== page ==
- In an organization with an over-arching, high level of consistency, employees may feel more comfortable adapting to changes that occur because they feel secure - they understand the values of the business.
- You have to be able to discern which small changes in your business's environment need to be dealt with and which do not. How do you recognize when there has been a big enough change that it will require a systemic change in your business? Consistency and change are like a yin yang thing - there has to be a balance.
- Change requires a reason. It is not good leadership to tell your people that they have to change simply because things are always changing. People adapt more easily to change if they know and understand why the change is happening. Visual reminders (poster on wall) can be helpful, reminding them of your values, making clear why some changes will be necessary.
- Realize that people often have an emotional attachment to their jobs and their working environment which means that change can be difficult for many of us.
Consistency can refer to stability over time as well as internal integrity.
Consistency of focus:
- If everyone in your organization knows where "north" is, if you can clearly define where the finish line is, then you can work through the "how's", and "who's."
- Everyone will be more comfortable with change when they know that these changes are helping get to the "finish line."
- You have to get people to believe in the "authenticity" of your vision - they need to buy into your vision in some way, or at some level, in order to be successful.
- If the finish line keeps changing, or there is inconsistency in leadership (i.e., making people work on things that are not getting you to the finish line), that is when the things become messed up.
- If you have consistency in direction, your business ecosystem will work with you. If there is no consistency in direction, the ecosystem will create "noise" which you will absorb creating problems.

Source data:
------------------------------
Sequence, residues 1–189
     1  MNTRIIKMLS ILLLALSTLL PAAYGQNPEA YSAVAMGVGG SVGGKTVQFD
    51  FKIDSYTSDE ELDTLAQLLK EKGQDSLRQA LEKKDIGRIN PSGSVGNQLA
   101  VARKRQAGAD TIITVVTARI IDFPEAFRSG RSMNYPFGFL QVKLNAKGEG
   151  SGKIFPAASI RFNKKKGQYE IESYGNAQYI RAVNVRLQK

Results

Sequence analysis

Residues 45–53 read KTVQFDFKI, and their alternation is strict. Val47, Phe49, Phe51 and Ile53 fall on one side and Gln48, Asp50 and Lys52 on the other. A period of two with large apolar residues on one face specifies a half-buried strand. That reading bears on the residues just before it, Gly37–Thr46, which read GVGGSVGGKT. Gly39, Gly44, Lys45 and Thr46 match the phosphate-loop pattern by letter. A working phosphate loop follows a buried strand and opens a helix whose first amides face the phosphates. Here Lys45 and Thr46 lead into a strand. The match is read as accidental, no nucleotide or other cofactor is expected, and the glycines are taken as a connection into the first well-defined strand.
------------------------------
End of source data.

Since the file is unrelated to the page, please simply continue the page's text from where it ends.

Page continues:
- Loss of focus/vision will create fatigue among your team members - they'll get frustrated.
- Let people own the change: if people are able to work out how to effect change on their own, they're more likely to do it enthusiastically.
Goal fatigue: If you set an unrealistic goals and consistently stick to them, you will fail and lose people. You need to be able to change to reflect the changing reality of a goal (if conditions alter). Jeff Bezos (CEO Amazon) says that the smartest people he knows are people who are willing to recognize when things aren't working and are willing to change what they are doing.
Jess's (Food Lab) uses dashboard to chart changes : Changes come up every week that she and Anna have to implement. So they started putting all these changes on the "dashboard" that they created. They are able to look at them all in one place, figuring out which tasks fit together, then scoping and bundling them so they can actually fit them into their schedule in an efficient way. This is an example of a balancing mechanism between change and consistency .
However, software can only do so much. Leadership, discipline and competency are about 90% of the real work. There's nothing like face to face interaction to really communicate your ideas to others.
November 1, 2012 Topic: Leading Change: Fostering & Encouraging Sustainable Change, cont'd.
What does a working environment that is conducive to change actually look like?
Two examples given:
- Quest tech - manufactured robotics for the auto industry, then, as the industry began running into trouble, they shifted to building training models for sustainable energy
- Motor City Denim - made covers for machinery, but now manufacture jeans
- A Rouge River canoe outing company (name?): As this company became more involved in Friends of the Rouge river clean up projects, they moved their tours further into Dearborn and began focusing on environmentalism, tying sustainability into their core business.